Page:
Sen. Al Franken Has A Few Questions About Oculus Rift’s Privacy Policy

While we’ve been talking about virtual reality for decades, the current slate of VR headsets marks the first time we’ve seen anything close to widespread adoption of the technology. And when one of the leading companies in the field also happens to be owned by a company that makes billions of dollars tracking your online behavior, you can’t fault people for being concerned about privacy.

Yesterday, Sen. Al Franken (MN) sent a letter [PDF] to Facebook-owned Oculus, raising a number of concerns about the privacy policy for the Oculus Rift VR headset.

While Franken notes that he appreciates that Oculus’ privacy policy provides detailed information about “what data are collected, when they are collected, and with which companies they are being shared,” he expresses concerns about certain types of information Oculus collects from users, and the nature of its relationship with third parties.

“Oculus has stated that it automatically collects users’ physical movements and dimensions. Is this collection necessary for Oculus to provide services?” Franken asks in one of six questions. “Are there any other purposes for which Oculus collects this information? Does Oculus share this information with third parties, including its ‘related companies’, for any other purpose than the provision of services??

He goes on to ask if location information Oculus collects is necessary for Oculus to provide services, or if it collects it for any other purposes, and queries whether the company shares that information with third parties.

Franken also wants to know if Oculus really needs to store communications among users and information related to those communications to provide services. If so, how long it will retain the data?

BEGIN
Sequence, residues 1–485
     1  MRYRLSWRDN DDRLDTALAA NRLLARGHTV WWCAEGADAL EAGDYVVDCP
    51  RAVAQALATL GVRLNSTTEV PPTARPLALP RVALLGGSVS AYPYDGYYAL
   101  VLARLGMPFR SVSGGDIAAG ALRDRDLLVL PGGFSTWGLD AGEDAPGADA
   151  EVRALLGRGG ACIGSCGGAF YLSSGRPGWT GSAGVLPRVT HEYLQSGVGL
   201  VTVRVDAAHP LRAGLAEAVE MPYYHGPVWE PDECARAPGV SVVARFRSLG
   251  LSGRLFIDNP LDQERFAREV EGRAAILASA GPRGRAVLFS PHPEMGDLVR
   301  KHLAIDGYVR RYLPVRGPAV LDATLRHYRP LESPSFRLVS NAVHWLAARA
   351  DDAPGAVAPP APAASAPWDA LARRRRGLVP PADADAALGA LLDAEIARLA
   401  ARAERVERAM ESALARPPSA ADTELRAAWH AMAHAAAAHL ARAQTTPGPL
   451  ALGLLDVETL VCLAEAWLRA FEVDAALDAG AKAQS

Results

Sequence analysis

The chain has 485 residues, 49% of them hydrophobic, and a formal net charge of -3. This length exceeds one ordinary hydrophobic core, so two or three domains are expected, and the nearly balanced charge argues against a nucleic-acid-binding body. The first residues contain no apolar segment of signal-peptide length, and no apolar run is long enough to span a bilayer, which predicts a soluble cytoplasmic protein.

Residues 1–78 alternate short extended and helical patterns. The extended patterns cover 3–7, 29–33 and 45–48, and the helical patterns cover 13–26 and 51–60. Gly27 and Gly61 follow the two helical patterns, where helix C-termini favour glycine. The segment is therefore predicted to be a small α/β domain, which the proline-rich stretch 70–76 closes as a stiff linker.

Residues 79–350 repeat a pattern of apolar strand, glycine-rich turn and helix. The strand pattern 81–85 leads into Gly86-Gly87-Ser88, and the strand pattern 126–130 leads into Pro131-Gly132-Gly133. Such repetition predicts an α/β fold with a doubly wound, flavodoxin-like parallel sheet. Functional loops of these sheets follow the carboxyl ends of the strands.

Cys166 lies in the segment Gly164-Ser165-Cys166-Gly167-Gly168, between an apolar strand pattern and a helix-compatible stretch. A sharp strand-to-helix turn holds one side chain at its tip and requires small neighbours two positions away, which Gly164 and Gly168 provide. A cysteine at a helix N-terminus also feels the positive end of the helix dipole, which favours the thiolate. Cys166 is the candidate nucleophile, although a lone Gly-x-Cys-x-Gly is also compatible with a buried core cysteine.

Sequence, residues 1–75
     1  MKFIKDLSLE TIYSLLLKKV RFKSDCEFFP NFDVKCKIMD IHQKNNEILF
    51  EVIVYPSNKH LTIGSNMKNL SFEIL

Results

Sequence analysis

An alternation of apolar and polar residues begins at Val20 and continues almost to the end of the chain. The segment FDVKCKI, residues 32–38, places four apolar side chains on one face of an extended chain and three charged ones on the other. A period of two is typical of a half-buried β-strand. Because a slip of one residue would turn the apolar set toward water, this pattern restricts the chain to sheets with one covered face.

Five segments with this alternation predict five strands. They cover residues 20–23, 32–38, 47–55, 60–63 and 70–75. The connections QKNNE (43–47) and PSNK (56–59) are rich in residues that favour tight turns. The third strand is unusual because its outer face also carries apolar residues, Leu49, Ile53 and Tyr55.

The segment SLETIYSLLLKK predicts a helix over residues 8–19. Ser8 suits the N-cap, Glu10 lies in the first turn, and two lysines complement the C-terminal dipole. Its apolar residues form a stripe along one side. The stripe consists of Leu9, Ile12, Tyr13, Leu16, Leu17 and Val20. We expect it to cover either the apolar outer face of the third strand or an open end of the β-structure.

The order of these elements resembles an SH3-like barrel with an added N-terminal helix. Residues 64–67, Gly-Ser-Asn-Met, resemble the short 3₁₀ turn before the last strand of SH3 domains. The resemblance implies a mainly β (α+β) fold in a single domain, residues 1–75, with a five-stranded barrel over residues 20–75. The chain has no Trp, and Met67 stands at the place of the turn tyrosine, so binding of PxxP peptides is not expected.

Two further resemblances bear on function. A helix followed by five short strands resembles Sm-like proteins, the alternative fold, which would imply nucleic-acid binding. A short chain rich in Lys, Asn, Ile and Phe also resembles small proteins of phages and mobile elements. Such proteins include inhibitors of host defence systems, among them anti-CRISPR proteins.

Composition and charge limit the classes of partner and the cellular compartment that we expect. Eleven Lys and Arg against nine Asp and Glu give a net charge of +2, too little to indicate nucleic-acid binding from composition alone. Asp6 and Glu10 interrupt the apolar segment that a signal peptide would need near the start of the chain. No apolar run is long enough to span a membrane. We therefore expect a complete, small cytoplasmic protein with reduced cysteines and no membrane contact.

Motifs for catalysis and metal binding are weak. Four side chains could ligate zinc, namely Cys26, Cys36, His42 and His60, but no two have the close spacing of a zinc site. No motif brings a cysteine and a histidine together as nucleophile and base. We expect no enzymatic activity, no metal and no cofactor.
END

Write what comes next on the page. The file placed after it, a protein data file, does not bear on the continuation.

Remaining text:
If Oculus is going to be sharing data with “related companies,” who’s responsible for providing information about that relationship to consumers, if anyone? Franken asks, adding, “Which company is responsible for providing security information to consumers?”

Franken ends by asking Oculus about the section of its privacy policy that notes that no data transmissions or storage can be “guaranteed to be 100% secure,” and that there may be leaks, thefts, or otherwise inadvertent disclosures of user data.

“What precaution does Oculus currently have in place to ensure the security of consumers’ data?” Franken asks, before thanking Iribe for his “prompt attention to this important matter.”

The letter asks that Oculus CEO Brendan Iribe respond to Franken’s office by May 13.

It’s worth noting that Franken isn’t the first to approach the privacy policy with a critical eye: UploadVR co-founder and editor-in-chief Will Mason highlighted some issues he had with the privacy policy’s possibly far-reaching implications last week. Oculus Oculus responded a few days later, telling UploadVR that it’s thinking aout privacy “every step of the way,” but in its effort to “create the absolute best VR experience for people,” it needs “to understand how our products are being used.”

“The Oculus privacy policy was drafted so we could be very clear with the people who use our services about the ways we receive or collect information, and how we may use it,” the company said. “For example, one thing we may do is use information to improve our services and to make sure everything is working properly — such as checking device stability and addressing technical issues to improve the overall experience.”

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